Archive for March 2021

Fiction's newest genre: up lit

Five weeks ago I blogged about my favorite television series, Call the Midwife, and lamented that literary novels don’t share its mix of realism and uplift. “Qualities that I think are hard to find in a literary novel — such as hope, warmth, gladness, and change for the better — are present in spades in... Read more »

Genealogy is an elective

In a recent Zoom chat with a group of my former coworkers, a woman of Filipino descent lamented the difficulty of finding records of her ancestors. I thought back to another chat with coworkers, this one in person, when I gushed about having traced a branch back 13 generations to 1629 New England. Later I... Read more »

Why a city dweller might prefer to vacation in nature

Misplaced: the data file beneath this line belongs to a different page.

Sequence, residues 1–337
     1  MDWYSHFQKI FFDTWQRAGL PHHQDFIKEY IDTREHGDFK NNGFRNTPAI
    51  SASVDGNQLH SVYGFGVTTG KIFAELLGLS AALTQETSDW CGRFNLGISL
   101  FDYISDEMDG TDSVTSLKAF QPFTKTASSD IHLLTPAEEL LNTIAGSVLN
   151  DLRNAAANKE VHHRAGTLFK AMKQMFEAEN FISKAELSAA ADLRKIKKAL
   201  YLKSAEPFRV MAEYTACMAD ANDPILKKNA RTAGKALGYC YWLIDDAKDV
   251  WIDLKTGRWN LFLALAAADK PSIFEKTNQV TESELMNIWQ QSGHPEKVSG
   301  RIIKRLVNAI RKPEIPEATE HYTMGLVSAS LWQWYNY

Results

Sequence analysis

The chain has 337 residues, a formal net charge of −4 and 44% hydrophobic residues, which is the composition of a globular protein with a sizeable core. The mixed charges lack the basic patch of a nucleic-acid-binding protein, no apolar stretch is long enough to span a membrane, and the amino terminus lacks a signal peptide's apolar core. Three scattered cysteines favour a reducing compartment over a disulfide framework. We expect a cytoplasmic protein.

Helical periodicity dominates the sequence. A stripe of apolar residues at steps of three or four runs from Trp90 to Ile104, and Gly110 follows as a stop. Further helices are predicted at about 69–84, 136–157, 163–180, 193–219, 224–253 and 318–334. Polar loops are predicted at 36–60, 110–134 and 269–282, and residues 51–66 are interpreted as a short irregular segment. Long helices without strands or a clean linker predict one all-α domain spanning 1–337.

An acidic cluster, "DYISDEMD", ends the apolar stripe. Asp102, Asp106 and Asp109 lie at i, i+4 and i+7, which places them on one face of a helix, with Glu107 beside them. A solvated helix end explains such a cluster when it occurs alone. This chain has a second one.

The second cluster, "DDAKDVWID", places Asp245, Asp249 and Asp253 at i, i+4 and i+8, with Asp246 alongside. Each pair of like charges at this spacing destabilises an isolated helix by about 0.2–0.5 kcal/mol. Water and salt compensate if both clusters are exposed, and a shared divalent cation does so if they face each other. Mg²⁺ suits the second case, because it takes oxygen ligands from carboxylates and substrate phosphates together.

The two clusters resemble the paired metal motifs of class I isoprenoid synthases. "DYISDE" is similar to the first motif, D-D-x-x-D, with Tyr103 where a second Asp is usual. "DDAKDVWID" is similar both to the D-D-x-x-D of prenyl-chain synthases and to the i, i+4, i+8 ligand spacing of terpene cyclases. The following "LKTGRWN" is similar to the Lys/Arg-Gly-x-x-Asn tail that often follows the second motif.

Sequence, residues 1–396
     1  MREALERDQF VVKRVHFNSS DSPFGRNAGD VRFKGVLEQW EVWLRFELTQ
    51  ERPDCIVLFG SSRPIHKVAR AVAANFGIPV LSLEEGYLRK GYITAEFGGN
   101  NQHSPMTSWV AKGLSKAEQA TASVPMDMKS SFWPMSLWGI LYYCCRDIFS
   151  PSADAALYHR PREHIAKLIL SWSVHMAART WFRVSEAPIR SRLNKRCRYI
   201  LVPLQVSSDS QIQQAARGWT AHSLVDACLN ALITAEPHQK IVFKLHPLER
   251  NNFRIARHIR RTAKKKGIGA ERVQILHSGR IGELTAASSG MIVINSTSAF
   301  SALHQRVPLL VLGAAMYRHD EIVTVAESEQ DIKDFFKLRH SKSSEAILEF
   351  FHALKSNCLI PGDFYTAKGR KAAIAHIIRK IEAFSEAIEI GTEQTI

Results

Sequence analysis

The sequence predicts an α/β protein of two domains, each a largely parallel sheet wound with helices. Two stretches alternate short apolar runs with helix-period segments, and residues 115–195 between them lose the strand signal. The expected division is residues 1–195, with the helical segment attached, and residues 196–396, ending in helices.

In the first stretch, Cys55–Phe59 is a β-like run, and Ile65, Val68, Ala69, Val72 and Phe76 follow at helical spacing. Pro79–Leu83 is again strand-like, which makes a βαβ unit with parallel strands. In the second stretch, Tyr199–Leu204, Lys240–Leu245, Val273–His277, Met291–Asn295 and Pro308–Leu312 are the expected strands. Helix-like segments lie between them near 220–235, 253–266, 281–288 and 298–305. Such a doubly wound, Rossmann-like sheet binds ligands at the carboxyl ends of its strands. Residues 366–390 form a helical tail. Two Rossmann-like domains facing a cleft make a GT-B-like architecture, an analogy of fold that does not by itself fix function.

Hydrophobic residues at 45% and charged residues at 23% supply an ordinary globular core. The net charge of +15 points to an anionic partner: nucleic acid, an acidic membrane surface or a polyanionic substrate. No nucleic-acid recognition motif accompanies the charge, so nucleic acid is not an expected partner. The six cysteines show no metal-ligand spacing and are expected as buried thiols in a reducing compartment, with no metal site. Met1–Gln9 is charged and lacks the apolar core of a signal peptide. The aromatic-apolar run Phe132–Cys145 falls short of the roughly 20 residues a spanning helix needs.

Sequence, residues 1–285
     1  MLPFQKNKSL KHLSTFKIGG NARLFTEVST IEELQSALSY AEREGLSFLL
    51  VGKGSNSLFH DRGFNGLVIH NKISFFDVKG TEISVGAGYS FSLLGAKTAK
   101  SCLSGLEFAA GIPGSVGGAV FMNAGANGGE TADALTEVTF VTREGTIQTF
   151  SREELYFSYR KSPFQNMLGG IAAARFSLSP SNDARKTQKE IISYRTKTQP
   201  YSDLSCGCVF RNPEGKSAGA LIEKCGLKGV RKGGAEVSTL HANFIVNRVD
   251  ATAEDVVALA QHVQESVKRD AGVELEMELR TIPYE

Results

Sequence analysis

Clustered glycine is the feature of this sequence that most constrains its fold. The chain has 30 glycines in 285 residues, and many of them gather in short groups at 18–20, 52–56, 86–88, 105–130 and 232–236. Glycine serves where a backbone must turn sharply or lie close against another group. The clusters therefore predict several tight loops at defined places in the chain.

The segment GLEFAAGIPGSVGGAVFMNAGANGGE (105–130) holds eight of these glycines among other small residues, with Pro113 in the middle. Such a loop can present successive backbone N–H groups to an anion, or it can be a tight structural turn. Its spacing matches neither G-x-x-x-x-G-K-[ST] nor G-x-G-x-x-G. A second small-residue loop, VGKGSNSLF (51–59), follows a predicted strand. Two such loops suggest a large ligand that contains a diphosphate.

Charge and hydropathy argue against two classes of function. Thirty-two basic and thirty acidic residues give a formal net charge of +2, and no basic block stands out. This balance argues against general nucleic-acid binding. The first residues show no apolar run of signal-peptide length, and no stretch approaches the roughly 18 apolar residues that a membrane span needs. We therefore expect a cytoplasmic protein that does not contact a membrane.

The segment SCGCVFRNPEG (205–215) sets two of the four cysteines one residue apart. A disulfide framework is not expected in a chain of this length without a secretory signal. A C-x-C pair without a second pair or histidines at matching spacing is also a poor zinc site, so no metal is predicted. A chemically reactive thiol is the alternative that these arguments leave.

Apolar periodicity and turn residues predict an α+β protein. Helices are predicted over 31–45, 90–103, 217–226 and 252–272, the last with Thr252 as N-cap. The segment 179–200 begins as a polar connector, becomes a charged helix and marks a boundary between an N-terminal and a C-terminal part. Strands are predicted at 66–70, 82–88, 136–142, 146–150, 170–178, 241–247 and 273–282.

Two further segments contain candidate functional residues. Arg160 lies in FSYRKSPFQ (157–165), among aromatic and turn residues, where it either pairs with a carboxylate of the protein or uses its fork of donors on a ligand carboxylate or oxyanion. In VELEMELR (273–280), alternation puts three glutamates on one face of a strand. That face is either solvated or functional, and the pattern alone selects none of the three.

When the Worldwide Greeter Communication Project recently asked Greeters our travel preferences, seven in ten preferred culture and cities to nature. That’s not surprising, since Greeter programs are in cities, and we Greeters volunteer to show off our cities to visitors.  I was in the 30 percent minority. Don’t get me wrong: If I didn’t... Read more »
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Surprise: vaccines are on my mind

With “Have you had your first shot?” leading off most conversations these days, thank goodness it’s becoming easier to find an appointment for a COVID vaccination. “I think I’m the only Chicagoan over 65 who hasn’t found an appointment,” a friend grumbled a couple of days before he snared one. He wasn’t really alone; only... Read more »

Thoughts as senior residences let up on lockdowns

Our 93-year-old mother’s virtual imprisonment in an assisted living apartment for almost a year has to rank among my family’s top stresses of the pandemic.   Would Mom have been better off living with one of us? Didn’t she deserve the same care she gave her own mother at home for 17 years? But when... Read more »